Like Ellume, the companies are focused on the global opportunity from rapid diagnostic tests during COVID-19 and beyond. Lumos executive chairman Sam Lanyon said Ellume’s news was “huge” for validating Australian businesses wanting to reach global markets.
“It shows an Australian company can get ahead of the pack and bring a test to market. It bodes extremely well for us and makes our job a hell of a lot easier,” Mr Lanyon said.
Lumos Diagnostics has designed a rapid test that distinguishes whether a patient has a viral or bacterial test and has been used in pilot programs in the UK to triage patients when they present with cold-like symptoms. Mr Lanyon said the business was also considering the opportunities of at-home versions of these tests.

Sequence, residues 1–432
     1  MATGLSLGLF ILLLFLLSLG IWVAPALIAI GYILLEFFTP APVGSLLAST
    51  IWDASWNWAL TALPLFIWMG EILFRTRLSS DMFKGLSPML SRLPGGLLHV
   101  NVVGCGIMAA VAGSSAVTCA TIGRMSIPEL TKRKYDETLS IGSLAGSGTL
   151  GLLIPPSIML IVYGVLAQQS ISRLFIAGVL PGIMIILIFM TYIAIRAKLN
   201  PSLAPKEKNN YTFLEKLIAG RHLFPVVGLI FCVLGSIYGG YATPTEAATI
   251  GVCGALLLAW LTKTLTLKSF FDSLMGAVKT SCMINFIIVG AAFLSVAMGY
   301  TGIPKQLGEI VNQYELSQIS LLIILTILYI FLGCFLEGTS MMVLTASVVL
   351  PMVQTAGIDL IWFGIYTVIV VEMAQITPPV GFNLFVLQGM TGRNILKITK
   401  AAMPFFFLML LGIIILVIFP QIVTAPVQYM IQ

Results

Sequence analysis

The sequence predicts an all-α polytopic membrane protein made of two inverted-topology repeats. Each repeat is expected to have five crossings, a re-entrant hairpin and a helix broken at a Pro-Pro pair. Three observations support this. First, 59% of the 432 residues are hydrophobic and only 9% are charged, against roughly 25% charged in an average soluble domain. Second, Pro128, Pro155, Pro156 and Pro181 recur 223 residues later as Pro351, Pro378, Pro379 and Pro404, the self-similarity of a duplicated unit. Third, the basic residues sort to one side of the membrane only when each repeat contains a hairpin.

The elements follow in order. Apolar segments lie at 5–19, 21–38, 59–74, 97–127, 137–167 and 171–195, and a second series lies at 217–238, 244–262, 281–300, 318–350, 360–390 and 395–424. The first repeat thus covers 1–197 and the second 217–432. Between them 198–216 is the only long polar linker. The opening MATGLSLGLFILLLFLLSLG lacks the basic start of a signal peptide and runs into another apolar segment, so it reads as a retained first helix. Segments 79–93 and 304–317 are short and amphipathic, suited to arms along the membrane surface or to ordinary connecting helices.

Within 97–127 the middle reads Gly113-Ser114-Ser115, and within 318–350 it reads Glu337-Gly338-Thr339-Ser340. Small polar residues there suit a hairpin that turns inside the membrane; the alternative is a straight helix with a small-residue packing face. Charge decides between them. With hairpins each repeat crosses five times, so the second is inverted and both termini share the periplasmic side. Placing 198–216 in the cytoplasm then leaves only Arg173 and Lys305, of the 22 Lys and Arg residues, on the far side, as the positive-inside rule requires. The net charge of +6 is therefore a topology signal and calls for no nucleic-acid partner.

Atomo Diagnostics managing director John Kelly said news of Ellume’s successes “helps the sector in general and provides more confidence”.
Atomo generates the majority of its business offshore, with a flagship product which is a self-HIV test, as well as TGA-approved COVID-19 tests. Mr Kelly said while there was traction growing in the diagnostics space, home-grown businesses had to be well-funded and globally-focused to succeed.
“You’ve got to be well capitalised and the Australian market is limited by its size. If you want to get beyond a certain size, you have to head overseas.”
Mr Lanyon agreed, saying Ellume’s success came after securing significant funding both overseas and in Australia, where the Queensland government committed $50 million to support the manufacturing effort.
“It takes a lot of investment to do this – and the more capital available, the better.”
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